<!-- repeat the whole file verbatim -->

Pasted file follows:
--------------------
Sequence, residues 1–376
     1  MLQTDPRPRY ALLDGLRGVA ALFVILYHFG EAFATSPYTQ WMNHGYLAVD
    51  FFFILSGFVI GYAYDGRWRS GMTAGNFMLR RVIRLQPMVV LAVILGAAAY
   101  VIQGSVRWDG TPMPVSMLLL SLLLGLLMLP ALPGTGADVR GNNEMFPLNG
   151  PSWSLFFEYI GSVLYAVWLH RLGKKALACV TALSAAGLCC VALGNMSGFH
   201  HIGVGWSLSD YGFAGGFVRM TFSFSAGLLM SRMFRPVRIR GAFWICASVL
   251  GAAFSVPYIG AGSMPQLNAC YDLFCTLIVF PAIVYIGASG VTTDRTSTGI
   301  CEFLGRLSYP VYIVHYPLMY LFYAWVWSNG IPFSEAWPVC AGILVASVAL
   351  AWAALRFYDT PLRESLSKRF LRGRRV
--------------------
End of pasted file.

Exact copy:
Sequence, residues 1–376
     1  MLQTDPRPRY ALLDGLRGVA ALFVILYHFG EAFATSPYTQ WMNHGYLAVD
    51  FFFILSGFVI GYAYDGRWRS GMTAGNFMLR RVIRLQPMVV LAVILGAAAY
   101  VIQGSVRWDG TPMPVSMLLL SLLLGLLMLP ALPGTGADVR GNNEMFPLNG
   151  PSWSLFFEYI GSVLYAVWLH RLGKKALACV TALSAAGLCC VALGNMSGFH
   201  HIGVGWSLSD YGFAGGFVRM TFSFSAGLLM SRMFRPVRIR GAFWICASVL
   251  GAAFSVPYIG AGSMPQLNAC YDLFCTLIVF PAIVYIGASG VTTDRTSTGI
   301  CEFLGRLSYP VYIVHYPLMY LFYAWVWSNG IPFSEAWPVC AGILVASVAL
   351  AWAALRFYDT PLRESLSKRF LRGRRV